Monday morning, and although you’d like to imagine that your team spent the weekend getting the rest they needed to gear up for another demanding week, the opposite is likely true. The reality is that many employees spend their weekend catching up on family responsibilities and errands, leaving them deflated and weary before the week begins.
If your inventory of the Monday morning conference table summons up images of bleary-eyed employees pouring a third cup of coffee to stay awake, or blotting away the cold symptoms they’ve been unable to kick, it’s probably time to rethink your organizations’s health management strategies. And it’s probably time to include a sleep program.
Sleep as a public health crisis
National Institutes of Health information notes that there is too much at stake to ignore this important problem, including “a large patient population, high levels of under-diagnosis, and high public health toll.”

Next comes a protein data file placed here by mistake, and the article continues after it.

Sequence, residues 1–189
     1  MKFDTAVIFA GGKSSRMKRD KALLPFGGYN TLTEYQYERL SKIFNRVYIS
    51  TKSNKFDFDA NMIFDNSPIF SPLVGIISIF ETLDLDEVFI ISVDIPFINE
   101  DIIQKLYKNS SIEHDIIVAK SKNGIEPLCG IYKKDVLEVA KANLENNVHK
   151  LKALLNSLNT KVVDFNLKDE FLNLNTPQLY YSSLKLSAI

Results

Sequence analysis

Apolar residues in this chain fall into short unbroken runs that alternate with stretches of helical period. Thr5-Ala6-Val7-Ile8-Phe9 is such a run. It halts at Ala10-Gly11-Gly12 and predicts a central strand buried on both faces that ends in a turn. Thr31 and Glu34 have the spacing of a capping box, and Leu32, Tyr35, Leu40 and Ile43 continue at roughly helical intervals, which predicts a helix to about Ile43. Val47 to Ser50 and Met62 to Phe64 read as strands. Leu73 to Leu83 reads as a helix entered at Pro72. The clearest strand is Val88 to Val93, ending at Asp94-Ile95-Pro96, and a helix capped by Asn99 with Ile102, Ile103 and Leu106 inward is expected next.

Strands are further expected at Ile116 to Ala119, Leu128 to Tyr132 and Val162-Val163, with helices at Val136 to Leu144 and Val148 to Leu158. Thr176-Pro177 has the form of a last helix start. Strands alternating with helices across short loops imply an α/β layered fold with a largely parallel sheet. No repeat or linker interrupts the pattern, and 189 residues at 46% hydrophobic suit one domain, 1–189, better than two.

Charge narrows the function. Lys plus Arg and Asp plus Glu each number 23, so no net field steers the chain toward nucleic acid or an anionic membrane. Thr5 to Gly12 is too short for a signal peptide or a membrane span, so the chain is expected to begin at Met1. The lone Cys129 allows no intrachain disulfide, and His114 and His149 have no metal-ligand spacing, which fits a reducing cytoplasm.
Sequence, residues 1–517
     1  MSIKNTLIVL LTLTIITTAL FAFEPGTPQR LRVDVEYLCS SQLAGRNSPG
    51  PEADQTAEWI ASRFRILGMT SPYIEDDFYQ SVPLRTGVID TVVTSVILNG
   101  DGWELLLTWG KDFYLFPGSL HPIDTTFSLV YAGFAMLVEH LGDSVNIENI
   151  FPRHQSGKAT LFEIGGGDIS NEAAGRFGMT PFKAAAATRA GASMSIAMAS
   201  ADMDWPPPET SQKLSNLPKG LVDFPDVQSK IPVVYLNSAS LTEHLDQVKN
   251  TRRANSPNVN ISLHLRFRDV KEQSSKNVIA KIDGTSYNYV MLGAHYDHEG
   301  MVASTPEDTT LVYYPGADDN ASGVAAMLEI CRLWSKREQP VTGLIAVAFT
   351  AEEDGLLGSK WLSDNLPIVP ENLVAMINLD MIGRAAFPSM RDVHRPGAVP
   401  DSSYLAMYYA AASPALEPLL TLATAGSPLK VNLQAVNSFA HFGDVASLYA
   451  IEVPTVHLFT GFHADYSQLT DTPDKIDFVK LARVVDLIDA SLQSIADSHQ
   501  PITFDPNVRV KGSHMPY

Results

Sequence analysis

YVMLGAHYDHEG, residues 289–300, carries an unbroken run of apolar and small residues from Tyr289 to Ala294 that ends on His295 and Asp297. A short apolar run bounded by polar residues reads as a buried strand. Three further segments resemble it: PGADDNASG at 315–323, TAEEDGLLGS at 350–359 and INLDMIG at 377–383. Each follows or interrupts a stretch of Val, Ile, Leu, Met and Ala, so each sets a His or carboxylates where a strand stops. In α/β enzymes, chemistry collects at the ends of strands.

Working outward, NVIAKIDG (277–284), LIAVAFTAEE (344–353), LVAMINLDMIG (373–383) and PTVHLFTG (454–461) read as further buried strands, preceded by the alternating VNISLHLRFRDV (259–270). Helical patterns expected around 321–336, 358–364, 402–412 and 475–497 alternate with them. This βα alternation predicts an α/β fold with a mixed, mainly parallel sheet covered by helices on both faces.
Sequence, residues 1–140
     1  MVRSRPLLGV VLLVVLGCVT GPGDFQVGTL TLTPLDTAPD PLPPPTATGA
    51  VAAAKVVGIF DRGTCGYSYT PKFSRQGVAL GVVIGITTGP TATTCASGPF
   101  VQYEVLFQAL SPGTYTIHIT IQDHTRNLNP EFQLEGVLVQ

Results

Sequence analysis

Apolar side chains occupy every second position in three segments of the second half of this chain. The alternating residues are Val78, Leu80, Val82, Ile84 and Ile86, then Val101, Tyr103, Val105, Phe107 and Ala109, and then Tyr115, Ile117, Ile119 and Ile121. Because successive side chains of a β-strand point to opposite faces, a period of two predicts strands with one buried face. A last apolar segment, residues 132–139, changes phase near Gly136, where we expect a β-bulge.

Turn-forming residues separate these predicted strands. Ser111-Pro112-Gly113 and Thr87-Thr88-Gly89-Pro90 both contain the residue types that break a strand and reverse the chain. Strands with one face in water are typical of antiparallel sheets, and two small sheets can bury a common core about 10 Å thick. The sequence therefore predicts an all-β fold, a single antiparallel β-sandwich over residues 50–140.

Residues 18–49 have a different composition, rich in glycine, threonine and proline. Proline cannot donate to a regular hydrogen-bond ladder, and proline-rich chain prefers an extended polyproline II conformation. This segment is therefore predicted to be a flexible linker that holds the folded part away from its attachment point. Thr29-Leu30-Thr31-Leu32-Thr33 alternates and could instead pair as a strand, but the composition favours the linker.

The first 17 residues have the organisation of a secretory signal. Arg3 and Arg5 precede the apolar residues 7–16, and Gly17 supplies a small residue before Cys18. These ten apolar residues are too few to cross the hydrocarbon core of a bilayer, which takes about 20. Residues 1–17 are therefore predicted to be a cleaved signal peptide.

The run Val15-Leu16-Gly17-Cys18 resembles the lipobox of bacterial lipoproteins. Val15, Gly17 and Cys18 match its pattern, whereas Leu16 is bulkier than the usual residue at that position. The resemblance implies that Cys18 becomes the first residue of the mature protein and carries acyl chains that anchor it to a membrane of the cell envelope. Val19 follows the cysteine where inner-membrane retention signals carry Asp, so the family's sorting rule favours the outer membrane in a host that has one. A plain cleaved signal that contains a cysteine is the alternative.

An estimated 50 to 70 million Americans are affected by the “serious and common” problems of chronic sleep loss and sleep disorders. This affects “morbidity, mortality, productivity, accidents and injuries, quality of life, family well-being, and health care utilization.”
Research validating the importance of sleep medicine compounds with each news cycle, and American Board of Medical Specialties researchers now recognize sleep medicine as a medical subspecialty, as noted by the National Institutes of Health.
The Sleep Research Society states that “good sleep is essential to good health.” Sleep health is a multidimensional concept, based in: